New wireless technology trials for lorries on motorways are soon to be carried out, which could have very real benefits for logistics companies in the UK and beyond.
Announced by the Department for Transport, the £8.1 million government-funded project will see three platooned heavy goods vehicles (HGVs) travelling in convoy, with their braking and acceleration controlled by the vehicle in front.
It’s thought that the benefits of driving in this way could include lower emissions, greater efficiencies and improvements to air quality. But rest assured that all lorries travelling in this platoon formation will always still have a driver ready to assume control of the vehicle when necessary!
Highways England chief executive Jim O’Sullivan explained that trials are due to take place on major roads by the end of next year – and testing will only be carried out when evidence is there to suggest that it can be done safely.
He went on to add: “The trial has the potential to demonstrate how greater automation of vehicles – in this instance, HGVs – can deliver improvements in safety, better journeys for road users and reduction in vehicle emissions. Investing in this research shows we care about those using our roads, the economy and the environment, and safety will be integral as we take forward this work with the Transport Research Laboratory.”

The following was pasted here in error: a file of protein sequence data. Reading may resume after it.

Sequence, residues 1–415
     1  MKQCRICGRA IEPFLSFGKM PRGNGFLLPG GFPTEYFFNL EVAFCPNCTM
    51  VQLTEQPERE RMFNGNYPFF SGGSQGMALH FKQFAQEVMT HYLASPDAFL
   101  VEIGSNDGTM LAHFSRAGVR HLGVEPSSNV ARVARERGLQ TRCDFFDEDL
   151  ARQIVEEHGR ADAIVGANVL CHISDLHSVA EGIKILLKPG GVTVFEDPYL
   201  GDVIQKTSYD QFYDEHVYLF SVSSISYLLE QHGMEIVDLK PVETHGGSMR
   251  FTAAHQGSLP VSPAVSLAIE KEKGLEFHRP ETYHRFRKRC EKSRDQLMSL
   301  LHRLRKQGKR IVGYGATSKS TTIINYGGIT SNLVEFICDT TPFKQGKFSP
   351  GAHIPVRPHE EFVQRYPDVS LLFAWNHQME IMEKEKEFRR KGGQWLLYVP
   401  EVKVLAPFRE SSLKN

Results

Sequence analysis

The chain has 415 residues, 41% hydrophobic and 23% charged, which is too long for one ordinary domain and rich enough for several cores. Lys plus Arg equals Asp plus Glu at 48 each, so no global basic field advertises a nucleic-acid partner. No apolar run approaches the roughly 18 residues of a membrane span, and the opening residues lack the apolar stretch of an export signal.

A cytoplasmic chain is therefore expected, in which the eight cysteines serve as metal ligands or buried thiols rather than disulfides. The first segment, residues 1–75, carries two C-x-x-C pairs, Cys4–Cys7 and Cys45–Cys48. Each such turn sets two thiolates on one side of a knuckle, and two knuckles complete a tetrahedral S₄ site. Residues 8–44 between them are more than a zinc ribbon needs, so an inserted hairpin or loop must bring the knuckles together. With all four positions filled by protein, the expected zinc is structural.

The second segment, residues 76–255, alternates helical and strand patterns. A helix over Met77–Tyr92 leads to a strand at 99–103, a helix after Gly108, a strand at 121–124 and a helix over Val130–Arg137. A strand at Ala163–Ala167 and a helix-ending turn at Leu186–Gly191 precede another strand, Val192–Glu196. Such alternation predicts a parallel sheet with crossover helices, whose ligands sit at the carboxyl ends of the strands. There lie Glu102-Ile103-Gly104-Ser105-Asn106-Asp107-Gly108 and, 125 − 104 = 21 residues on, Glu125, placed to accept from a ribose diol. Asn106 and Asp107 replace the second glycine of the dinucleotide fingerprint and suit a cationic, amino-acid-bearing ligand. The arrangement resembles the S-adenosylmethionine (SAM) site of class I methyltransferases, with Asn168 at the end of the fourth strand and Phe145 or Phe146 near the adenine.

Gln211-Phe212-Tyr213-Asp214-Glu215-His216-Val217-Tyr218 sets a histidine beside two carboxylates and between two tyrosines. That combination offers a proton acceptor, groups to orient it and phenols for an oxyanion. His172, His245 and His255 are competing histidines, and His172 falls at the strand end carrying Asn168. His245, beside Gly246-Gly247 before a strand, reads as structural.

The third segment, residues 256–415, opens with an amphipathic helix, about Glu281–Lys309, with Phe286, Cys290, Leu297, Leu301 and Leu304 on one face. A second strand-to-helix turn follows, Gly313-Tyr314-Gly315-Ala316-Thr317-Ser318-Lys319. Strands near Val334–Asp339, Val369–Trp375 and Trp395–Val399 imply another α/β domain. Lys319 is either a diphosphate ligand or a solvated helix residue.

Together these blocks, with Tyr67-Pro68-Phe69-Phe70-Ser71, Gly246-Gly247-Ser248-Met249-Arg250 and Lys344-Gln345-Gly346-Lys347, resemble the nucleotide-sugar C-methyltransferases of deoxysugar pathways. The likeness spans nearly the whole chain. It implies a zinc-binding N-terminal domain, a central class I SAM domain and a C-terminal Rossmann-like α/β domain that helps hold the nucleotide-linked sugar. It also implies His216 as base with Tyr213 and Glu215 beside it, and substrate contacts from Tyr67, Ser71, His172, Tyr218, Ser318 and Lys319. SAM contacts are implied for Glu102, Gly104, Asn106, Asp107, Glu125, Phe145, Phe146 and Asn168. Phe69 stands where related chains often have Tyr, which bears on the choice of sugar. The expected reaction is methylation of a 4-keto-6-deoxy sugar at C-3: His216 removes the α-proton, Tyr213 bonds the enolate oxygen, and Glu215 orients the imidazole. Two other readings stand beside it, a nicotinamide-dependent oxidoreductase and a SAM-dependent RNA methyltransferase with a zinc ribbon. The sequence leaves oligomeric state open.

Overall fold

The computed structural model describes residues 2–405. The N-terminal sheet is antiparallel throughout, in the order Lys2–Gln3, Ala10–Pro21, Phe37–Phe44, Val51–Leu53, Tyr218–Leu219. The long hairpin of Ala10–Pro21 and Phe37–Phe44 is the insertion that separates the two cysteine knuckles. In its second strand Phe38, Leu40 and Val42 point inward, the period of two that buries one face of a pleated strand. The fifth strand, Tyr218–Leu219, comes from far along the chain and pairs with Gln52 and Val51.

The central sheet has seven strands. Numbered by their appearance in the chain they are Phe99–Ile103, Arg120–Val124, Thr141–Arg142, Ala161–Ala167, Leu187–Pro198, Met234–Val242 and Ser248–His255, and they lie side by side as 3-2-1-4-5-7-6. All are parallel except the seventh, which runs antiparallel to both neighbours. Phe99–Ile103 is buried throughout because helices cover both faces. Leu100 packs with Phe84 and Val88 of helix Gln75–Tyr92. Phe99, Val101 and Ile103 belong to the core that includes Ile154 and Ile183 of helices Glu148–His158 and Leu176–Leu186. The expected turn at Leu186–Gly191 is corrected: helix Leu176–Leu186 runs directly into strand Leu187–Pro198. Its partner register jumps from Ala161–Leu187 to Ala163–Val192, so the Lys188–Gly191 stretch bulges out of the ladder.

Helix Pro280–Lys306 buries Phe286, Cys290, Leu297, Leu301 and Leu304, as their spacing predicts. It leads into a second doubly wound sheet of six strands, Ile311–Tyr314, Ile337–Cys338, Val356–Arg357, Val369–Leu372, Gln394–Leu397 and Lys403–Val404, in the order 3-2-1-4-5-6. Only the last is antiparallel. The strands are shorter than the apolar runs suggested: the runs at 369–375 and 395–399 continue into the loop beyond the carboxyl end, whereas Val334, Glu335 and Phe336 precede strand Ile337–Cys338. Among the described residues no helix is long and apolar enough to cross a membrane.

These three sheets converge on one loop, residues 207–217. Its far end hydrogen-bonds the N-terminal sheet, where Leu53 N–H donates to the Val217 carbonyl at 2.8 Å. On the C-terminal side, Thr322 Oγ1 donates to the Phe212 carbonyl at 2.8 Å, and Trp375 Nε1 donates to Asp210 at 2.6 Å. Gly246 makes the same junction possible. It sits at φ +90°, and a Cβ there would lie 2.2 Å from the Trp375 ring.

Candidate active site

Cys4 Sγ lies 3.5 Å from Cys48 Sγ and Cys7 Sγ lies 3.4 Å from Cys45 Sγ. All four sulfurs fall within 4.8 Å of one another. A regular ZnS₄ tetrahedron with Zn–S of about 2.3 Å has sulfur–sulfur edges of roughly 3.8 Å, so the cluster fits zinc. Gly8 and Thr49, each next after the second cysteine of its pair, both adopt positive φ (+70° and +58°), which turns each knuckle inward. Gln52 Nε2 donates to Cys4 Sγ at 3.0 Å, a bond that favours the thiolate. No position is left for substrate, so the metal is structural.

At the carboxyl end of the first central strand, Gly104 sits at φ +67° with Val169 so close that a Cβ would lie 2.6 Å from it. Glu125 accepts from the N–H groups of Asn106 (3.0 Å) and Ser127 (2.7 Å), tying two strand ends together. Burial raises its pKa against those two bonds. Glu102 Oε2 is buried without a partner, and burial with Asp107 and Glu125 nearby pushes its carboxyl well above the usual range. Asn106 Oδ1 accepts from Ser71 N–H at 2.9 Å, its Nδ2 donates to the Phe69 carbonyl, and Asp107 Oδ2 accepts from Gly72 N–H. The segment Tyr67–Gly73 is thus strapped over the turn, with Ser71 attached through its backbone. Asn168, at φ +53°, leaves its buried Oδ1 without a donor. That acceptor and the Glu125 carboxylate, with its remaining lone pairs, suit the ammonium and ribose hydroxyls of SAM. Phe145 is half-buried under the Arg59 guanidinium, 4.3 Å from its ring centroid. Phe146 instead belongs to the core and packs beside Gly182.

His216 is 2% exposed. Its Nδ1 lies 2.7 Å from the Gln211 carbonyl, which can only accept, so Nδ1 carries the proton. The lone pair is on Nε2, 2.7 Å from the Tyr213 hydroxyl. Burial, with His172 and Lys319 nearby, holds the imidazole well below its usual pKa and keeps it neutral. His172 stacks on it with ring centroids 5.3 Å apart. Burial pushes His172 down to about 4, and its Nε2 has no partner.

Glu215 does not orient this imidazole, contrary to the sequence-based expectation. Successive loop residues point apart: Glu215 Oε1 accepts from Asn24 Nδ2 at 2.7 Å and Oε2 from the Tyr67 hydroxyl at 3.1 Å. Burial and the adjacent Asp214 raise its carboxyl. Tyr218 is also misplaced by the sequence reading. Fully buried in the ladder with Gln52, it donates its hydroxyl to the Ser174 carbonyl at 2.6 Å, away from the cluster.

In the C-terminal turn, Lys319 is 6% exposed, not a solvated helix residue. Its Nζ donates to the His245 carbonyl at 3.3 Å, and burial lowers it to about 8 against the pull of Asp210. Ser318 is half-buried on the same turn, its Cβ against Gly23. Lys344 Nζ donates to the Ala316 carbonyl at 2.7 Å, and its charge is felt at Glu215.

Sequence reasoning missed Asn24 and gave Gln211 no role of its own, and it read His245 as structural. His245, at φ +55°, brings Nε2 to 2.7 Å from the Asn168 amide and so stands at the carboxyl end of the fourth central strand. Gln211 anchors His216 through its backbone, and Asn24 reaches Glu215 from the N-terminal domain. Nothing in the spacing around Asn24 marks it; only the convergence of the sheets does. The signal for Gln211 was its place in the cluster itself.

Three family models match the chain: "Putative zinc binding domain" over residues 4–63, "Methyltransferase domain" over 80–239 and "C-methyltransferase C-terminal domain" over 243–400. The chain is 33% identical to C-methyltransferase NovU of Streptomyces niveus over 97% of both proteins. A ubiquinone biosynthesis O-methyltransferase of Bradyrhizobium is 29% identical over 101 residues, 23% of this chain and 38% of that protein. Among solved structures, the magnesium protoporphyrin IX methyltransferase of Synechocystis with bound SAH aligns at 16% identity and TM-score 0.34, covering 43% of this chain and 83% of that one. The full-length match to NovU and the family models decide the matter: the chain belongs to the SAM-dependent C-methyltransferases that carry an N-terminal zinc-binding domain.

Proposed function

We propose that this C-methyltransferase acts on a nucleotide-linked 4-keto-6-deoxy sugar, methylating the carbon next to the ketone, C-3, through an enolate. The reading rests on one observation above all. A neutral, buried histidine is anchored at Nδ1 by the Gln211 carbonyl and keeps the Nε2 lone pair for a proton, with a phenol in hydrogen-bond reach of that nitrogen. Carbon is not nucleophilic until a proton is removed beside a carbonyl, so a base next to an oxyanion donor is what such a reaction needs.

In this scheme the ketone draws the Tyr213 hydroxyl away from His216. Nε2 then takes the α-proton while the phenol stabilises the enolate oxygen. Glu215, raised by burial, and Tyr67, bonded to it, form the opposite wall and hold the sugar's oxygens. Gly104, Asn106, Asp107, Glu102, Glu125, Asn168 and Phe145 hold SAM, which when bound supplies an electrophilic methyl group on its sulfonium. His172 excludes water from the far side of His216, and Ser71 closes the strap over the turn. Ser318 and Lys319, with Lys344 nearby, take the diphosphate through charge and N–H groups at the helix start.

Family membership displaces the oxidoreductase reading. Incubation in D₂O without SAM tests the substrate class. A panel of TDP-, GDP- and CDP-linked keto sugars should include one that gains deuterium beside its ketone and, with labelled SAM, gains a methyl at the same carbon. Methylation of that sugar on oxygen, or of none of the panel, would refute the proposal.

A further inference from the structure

Meanwhile, those sending goods by air freight could soon see the planes used by fuels made from rubbish being sent to landfill as part of plans to really promote cleaner alternative fuels. Trials of jet fuel made from waste have already been carried out in Europe and North America – and now a competition in the UK has been launched for groups interested in carrying out research in this particular sector.